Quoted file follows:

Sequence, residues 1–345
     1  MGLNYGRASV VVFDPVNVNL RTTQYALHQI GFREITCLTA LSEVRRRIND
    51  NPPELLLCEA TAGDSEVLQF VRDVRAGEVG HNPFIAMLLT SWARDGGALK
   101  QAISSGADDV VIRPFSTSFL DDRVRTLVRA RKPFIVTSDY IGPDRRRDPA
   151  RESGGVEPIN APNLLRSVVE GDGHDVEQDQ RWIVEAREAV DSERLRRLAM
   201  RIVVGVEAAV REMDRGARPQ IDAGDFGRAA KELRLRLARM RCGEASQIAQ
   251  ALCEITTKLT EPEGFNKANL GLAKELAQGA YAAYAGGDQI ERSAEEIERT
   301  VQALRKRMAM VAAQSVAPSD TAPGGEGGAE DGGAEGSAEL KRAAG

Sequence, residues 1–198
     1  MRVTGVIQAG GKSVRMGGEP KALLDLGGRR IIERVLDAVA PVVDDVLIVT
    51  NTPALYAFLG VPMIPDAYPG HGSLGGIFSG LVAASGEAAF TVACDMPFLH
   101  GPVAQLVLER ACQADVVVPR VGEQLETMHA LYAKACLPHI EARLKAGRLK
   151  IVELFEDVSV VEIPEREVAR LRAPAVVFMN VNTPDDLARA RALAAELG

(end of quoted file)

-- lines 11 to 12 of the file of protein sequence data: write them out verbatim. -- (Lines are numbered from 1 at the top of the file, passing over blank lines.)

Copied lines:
    51  NTPALYAFLG VPMIPDAYPG HGSLGGIFSG LVAASGEAAF TVACDMPFLH
   101  GPVAQLVLER ACQADVVVPR VGEQLETMHA LYAKACLPHI EARLKAGRLK